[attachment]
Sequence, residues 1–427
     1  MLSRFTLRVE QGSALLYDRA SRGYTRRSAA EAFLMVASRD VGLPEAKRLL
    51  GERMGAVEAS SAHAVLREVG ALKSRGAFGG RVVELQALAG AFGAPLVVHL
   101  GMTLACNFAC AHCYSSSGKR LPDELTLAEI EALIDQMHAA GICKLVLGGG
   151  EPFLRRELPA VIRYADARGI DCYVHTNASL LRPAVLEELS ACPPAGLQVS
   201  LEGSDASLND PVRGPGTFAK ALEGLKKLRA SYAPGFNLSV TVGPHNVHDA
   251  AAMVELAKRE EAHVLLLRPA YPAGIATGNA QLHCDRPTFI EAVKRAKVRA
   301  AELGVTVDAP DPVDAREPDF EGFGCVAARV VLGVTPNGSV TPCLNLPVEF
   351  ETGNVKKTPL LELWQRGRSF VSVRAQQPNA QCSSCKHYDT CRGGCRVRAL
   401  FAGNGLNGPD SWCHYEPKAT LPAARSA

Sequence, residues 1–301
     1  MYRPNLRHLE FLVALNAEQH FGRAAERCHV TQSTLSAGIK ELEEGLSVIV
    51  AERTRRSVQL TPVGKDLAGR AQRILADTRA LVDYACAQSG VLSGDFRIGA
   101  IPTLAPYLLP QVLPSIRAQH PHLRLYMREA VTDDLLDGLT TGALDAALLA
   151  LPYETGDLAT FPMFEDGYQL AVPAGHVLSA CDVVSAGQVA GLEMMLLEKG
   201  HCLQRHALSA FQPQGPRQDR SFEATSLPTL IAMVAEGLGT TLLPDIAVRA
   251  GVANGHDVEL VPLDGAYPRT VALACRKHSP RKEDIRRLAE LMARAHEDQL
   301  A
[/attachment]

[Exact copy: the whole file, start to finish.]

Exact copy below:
Sequence, residues 1–427
     1  MLSRFTLRVE QGSALLYDRA SRGYTRRSAA EAFLMVASRD VGLPEAKRLL
    51  GERMGAVEAS SAHAVLREVG ALKSRGAFGG RVVELQALAG AFGAPLVVHL
   101  GMTLACNFAC AHCYSSSGKR LPDELTLAEI EALIDQMHAA GICKLVLGGG
   151  EPFLRRELPA VIRYADARGI DCYVHTNASL LRPAVLEELS ACPPAGLQVS
   201  LEGSDASLND PVRGPGTFAK ALEGLKKLRA SYAPGFNLSV TVGPHNVHDA
   251  AAMVELAKRE EAHVLLLRPA YPAGIATGNA QLHCDRPTFI EAVKRAKVRA
   301  AELGVTVDAP DPVDAREPDF EGFGCVAARV VLGVTPNGSV TPCLNLPVEF
   351  ETGNVKKTPL LELWQRGRSF VSVRAQQPNA QCSSCKHYDT CRGGCRVRAL
   401  FAGNGLNGPD SWCHYEPKAT LPAARSA

Sequence, residues 1–301
     1  MYRPNLRHLE FLVALNAEQH FGRAAERCHV TQSTLSAGIK ELEEGLSVIV
    51  AERTRRSVQL TPVGKDLAGR AQRILADTRA LVDYACAQSG VLSGDFRIGA
   101  IPTLAPYLLP QVLPSIRAQH PHLRLYMREA VTDDLLDGLT TGALDAALLA
   151  LPYETGDLAT FPMFEDGYQL AVPAGHVLSA CDVVSAGQVA GLEMMLLEKG
   201  HCLQRHALSA FQPQGPRQDR SFEATSLPTL IAMVAEGLGT TLLPDIAVRA
   251  GVANGHDVEL VPLDGAYPRT VALACRKHSP RKEDIRRLAE LMARAHEDQL
   301  A